If you're stuck with bags of green tea leaves, steep the hell out of them. Let them sit for 5 to 6 minutes, and if you like milk with your tea, don't add it until the tea has stopped steeping.
Alternately, you could just drink multiple cups (2-4) of normally brewed, potentially weak-ass green tea. Even that may be too daunting, but look at it this way: If you can't have three or four cups, one or two is better than nothing and, depending on the strength of the blend, may even give you what you need.
Curcumin is also a polyphenol, but it appears to be a particularly gifted one. There have been over 2,000 studies where it's proven to be a potent warrior against cancers of the prostate, breast, liver, colon, lung, and pancreas, to name a few (8). And unlike conventional chemotherapy agents, it doesn't harm healthy cells.
Curcumin has been shown to modulate tumor growth through regulation of multiple cell signaling pathways including cell proliferation pathway (cyclin D1, c-myc), cell survival pathway (Bcl-2, Bcl-xL, cFLIP, XIAP, c-IAP1), caspase activation pathway (caspase-8, 3, 9), tumor suppressor pathway (p53, p21) death receptor pathway (DR4, DR5), mitochondrial pathways, and protein kinase pathway (JNK, Akt, and AMPK).
Whew! Unfortunately, the body doesn't absorb curcumin very well. Simply ingesting it as a main constituent of curry powder, regardless of the amount eaten, isn't going to have much of an effect.
As such, you need to use a formula made with solid lipid curcumin particles, which make curcumin 95 times more bioavailable. Go with Biotest's Micellar Curcumin™. It's the kind you absorb.
Sure, eating lots of fruits and vegetables thwarts cancer, but concentrating on portions of fruits and vegetables in general may actually be nutritionally limiting. Instead, we should concentrate on the plant chemicals known as polyphenols, which are found in a variety of foods.
You know when someone says this fruit/vegetable fights cancer? It's all because of polyphenols. And yes, fruits and vegetables contain lots of them (like the aforementioned curcumin and C3G) but they aren't the only food groups that contain them, and therein lies the problem and the solution.
There are four broad types of polyphenols and you need to eat representatives of all of them by eating from the 7 polyphenol food groupings:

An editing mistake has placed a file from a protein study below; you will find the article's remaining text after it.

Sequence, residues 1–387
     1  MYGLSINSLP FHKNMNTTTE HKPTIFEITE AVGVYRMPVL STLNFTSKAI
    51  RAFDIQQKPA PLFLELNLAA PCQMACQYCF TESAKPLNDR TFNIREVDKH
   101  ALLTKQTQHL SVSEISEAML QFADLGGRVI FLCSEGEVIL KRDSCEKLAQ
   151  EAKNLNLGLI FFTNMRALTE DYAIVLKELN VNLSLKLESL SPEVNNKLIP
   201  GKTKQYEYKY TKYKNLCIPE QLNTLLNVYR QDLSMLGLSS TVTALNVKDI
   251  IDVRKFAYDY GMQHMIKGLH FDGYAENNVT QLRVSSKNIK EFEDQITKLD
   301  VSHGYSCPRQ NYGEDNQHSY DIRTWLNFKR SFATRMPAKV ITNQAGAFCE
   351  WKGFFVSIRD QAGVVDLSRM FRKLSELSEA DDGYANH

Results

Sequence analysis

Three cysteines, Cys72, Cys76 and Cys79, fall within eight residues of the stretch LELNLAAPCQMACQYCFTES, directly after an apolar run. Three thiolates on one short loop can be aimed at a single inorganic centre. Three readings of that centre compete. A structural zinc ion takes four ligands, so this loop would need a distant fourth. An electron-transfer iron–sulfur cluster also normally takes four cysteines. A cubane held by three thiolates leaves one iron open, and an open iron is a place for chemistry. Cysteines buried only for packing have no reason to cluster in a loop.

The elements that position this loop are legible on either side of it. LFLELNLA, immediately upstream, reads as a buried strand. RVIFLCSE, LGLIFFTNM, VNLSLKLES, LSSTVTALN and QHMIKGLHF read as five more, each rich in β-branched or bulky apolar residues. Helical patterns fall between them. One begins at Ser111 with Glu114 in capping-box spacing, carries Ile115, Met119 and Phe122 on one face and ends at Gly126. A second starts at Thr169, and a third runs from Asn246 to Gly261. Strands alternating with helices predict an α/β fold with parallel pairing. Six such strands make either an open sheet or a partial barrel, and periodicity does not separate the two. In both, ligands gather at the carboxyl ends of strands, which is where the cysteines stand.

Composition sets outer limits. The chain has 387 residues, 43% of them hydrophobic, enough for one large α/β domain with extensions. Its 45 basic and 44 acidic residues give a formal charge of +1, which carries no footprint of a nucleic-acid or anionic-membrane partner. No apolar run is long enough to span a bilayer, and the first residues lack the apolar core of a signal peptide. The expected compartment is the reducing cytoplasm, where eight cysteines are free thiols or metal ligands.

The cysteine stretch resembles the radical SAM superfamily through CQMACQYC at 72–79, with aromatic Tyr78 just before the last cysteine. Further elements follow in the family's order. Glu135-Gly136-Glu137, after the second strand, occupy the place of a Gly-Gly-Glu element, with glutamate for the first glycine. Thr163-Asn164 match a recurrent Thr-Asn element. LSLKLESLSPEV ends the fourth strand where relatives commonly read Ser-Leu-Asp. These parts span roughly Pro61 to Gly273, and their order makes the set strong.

- Vegetables: Artichokes, potatoes, rhubarb, yellow onions, red cabbage, cherry tomatoes, leeks, broccoli, celery.
- Fruits: Berries, apples, apricots, plums, pears, grapes, cherries (the darker the fruit, the higher the polyphenol content).
- Whole Grains: Buckwheat, rye, oats, barley, corn, wheat, rice.
- Nuts, Seeds, Legumes: Black beans, white beans, pecans, almonds, walnuts, flaxseed, chestnuts, hazelnuts.
- Fats: Virgin olive oil, sesame seed oil, dark chocolate.
- Beverages: Coffee, tea, red wine, cocoa.
- Spices: Oregano, rosemary, soy sauce, cloves, peppermint, anise, celery seed, saffron, spearmint, thyme, basil, curry powder, ginger, cumin, cinnamon, garlic.
Eat from all these groups as often as possible. Alternately, or as a polyphenol supplement, use Superfood, a blend of high-polyphenol fruits, berries, and vegetables.
We do need to put things in perspective. Let's look at the findings of a recent meeting of the cancer-research arm of the World Health Organization. Of 940 chemical agents reviewed, only one, a chemical in yoga pants, was declared not to cause cancer.
Their findings suggested that you can enjoy your yoga class, but don't breathe air (class 1 carcinogen), sit near a sun-filled window (also a class 1 carcinogen), apply aloe vera (class 2B) if you get a sunburn, drink wine or coffee (class 1 and class 2B), or eat grilled food (class 2A).
So yeah, a lot of stuff might cause cancer, but some things are less worrisome than others. For instance, while eating processed meat every day might increase your chances of getting cancer by 17 or 18 percent, smoking increases your relative risk of developing lung cancer by 2500 percent.
Clearly, we only have three choices when it comes to dealing with all these numbers and statistics: One, cower in fear and live in a plastic bubble every time a report comes out on some new carcinogen. Two, laugh at the existential absurdity of living in a world where everything seems to cause cancer and eat whatever you want. Or three, practice moderation when it comes to exposing yourself to carcinogens while employing some or all of my anti-cancer weapons.
After all, there's life, and there's quality of life.
- van Vugt JLA. The impact of low skeletal muscle mass in abdominal surgery. Erasmus University Rotterdam. 2017, December 20.
- Xu X et al. Dietary carrot consumption and the risk of prostate cancer. Nur J Nutr. 2014 Dec;53(8):1615-23. PubMed.
- Autier P et al. Vitamin D Supplementation and Total Mortality: A Meta-analysis of Randomized Controlled Trials. Arch Intern Med. 2007 Sep 10;167(16):1730-7. PubMed.
- Libby G et al. New users of metformin are at low risk of incident cancer: a cohort study among people with type 2 diabetes. Diabetes Care. 2009 Sep;32(9):1620-5. PubMed.
- Gamba CA et al. Aspirin is associated with low melanoma risk among postmenopausal Caucasian women. Cancer. 2013 Apr 15;119(8):1562-9. PubMed.
- Vayalil PK et al. Green tea polyphenols prevent ultraviolet light-induced oxidative damage and matrix metalloproteinases expression in mouse skin. J Invest Dermatol. 2004 Jun;122(6):1480-7. PubMed.
- Ahmad N et al. Green tea constituent epigallocatechin-3-gallate and induction to apoptosis and cell cycle arrest in human carcinoma cells. J Natl Cancer Inst. 1997 Dec 17;89(24):1881-6. PubMed.
- Ravindran J et al. Curcumin and Cancer Cells: How Many Ways Can Curry Kill Tumor Cells Selectively? AAPS J. 2009 Sep;11(3):495–510. PubMed.